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Location: kollam, kerala, India

a B tech student

Thursday, October 20, 2011

The File-system dilemma

When formatted to Ext2
command $: mkfs.ext2 -L "" /dev/sdb1
Disk /dev/sdb: 2000.4 GB, 2000398933504 bytes
255 heads, 63 sectors/track, 243201 cylinders
Units = cylinders of 16065 * 512 = 8225280 bytes
Sector size (logical/physical): 512 bytes / 512 bytes
I/O size (minimum/optimal): 512 bytes / 512 bytes
Disk identifier: 0x0006ec2e

   Device Boot      Start         End      Blocks   Id  System
/dev/sdb1               1      243202  1953513472   83  Linux


When Formatted to Ext 4
It took painstaking 18 minutes

I personally prefer to use ext4 after reading this link.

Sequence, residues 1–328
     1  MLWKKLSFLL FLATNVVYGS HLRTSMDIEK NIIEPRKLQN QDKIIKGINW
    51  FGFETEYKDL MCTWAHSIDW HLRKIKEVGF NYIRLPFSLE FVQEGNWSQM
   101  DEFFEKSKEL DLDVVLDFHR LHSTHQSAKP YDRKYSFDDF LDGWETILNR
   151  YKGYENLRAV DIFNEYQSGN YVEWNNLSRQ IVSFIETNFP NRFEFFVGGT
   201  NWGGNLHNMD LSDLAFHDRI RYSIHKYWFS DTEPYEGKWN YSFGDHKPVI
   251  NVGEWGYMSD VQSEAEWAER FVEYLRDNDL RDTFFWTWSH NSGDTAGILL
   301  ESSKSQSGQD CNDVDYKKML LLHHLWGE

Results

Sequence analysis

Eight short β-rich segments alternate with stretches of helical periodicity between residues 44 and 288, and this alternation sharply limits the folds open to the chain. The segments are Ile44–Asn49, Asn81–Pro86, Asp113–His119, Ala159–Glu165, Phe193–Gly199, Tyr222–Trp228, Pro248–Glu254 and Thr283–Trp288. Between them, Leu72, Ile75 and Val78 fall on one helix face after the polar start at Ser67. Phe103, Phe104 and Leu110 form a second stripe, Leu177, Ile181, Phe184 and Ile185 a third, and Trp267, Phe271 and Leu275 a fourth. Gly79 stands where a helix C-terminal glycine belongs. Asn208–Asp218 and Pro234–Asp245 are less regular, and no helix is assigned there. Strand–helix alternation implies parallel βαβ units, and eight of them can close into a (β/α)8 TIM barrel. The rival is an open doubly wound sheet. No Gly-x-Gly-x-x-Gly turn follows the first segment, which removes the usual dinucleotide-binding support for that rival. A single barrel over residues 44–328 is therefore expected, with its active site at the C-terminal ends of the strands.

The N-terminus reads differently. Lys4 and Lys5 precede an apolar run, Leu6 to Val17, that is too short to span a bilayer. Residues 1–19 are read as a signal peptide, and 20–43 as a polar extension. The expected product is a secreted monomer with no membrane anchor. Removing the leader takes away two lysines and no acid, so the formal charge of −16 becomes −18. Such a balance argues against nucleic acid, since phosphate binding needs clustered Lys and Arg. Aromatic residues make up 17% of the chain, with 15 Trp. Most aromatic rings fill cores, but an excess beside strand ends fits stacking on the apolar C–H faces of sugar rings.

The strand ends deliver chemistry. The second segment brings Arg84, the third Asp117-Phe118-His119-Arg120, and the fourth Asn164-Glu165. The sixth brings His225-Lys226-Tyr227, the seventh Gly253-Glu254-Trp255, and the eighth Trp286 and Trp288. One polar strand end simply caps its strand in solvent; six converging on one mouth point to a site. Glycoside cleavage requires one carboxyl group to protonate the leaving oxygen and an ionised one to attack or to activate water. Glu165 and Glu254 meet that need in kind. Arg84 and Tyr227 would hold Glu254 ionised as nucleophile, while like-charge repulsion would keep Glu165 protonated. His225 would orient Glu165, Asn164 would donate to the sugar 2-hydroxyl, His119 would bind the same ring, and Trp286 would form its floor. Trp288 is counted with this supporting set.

Also ext reserves 5% disk space for root.

The reserved blocks are there for root's use. This allows the system to continue running if non-root users fill up the file system and also assists in preventing file fragmentation because the filesystem does not fill up completely.

So, in short, if the drive doesn't contain /var or /tmp, then there's not much point in having space reserved for root.
You can get that space back. By using tune2fs It is a good tool.

sudo tune2fs -r 0 /dev/sdX to disable it. /*Here we set the "-r=reserved-blocks-count" to zero */

Some forums prefer that minimum 1% is recommended. You can modify the percentage of reserved block percentage too using tune2fs.

sudo tune2fs -m 1 /dev/sdX to modift it. /* Here we modify (-m) "reserved-block-percentage" to 1% from the default 5% */

My earlier plan to format to Btrs was foolish at this point of time as it lacks tuning and debugging support. And gave a 100GB buffer space with the inferior FAT32 and 30 GB with NTFS so as to connect to my friend's computers using windows.

Further Read

Arjun S R


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